Forgery Laws Explained By A Criminal Attorney In Madison WI
Wisconsin Forgery Laws As Explained By A Criminal Attorney In Madison WIIn Wisconsin, forgery is defined as creating, altering, using, or possessing a false document with the intention of defrauding someone. It is a serious crime in the state, with penalties ranging from misdemeanors to felonies. What Constitutes Forgery? Forgery can exist under many different circumstances and include many different kinds of documents such as those that symbolize values, rights, or forms of identification. The types of documents that are commonly affected by forgery include: wills, testaments, bank checks, and birth certificates, deeds, credit card applications, business agreements, and even transportation tickets. 3 Elements Must Be Proven To Gain A Forgery Conviction Just because a person has been accused of forgery does not mean they will be automatically convicted of the crime. The prosecution must prove three elements in order to obtain a conviction. These three elements are:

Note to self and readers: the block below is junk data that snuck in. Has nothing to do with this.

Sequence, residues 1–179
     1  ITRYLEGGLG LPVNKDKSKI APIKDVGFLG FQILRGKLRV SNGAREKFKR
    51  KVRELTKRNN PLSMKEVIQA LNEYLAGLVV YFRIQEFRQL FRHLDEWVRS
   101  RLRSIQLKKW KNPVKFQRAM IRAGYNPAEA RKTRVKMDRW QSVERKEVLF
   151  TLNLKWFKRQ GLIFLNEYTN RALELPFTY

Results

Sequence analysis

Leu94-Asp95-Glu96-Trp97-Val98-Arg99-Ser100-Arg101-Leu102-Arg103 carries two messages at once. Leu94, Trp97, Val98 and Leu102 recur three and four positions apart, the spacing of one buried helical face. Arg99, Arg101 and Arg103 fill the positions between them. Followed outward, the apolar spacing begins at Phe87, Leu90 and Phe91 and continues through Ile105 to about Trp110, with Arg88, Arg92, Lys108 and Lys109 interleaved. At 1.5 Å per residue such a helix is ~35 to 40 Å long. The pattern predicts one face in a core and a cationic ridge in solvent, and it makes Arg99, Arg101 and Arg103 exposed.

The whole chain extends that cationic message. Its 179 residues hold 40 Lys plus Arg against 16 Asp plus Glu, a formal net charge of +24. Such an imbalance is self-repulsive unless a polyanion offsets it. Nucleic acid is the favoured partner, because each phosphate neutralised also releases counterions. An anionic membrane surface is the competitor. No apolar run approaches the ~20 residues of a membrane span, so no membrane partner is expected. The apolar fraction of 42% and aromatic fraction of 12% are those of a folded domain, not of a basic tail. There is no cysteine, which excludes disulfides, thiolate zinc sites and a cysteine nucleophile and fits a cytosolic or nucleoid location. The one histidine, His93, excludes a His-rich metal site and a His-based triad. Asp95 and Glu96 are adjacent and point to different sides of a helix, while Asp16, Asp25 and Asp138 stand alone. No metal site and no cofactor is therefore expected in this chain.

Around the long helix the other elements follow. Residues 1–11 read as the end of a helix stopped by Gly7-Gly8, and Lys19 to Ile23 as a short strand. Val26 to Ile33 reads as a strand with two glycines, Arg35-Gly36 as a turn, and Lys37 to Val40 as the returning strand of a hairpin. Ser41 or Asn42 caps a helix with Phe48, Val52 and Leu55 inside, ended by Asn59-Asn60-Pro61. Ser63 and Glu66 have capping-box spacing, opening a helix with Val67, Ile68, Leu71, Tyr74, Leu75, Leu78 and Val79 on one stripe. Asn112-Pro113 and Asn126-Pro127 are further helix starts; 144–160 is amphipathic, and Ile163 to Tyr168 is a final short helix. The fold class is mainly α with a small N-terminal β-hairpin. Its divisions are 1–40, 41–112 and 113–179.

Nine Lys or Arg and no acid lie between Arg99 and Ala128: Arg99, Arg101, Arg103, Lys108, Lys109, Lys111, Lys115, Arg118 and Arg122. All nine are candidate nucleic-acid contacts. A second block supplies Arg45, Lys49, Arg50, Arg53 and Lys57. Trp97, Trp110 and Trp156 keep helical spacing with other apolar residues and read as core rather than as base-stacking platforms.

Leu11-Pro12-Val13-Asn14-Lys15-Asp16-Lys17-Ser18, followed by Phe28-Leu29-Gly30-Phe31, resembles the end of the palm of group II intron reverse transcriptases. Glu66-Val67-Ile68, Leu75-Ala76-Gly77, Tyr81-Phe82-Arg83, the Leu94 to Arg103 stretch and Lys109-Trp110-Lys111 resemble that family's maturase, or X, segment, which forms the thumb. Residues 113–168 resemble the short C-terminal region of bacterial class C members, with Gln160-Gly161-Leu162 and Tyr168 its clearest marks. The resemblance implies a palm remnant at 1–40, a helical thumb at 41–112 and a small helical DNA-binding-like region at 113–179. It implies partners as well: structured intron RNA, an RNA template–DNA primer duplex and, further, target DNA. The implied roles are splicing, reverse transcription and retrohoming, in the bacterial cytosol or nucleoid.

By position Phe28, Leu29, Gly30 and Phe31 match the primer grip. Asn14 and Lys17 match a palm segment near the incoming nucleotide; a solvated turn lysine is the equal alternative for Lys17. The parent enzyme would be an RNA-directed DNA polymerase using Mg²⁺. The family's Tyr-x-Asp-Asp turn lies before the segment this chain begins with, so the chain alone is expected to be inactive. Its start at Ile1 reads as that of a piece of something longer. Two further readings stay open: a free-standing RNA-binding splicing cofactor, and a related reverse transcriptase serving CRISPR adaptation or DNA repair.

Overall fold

- Making, Altering, Issuing, Using, Or Possessing. It must be proven that the accused either made, altered, issued, used, or possessed a forged document.
- A False Legally Significant Writing. The writing must be proven to be false or untrue in its statement. It must also have legal significance. Having legal significance means that it affects the legal rights, responsibilities, and/or obligations of another.
- With The Intent To Defraud. The prosecutor must prove that the actions were taken for the express purpose of defrauding another. The scheme does not have to actually work in order to be convicted of forgery. There just has to be an intention to use the forged document to secure a certain objective. This is an important distinction that can protect people who unknowingly possess, sign, or use forged documents.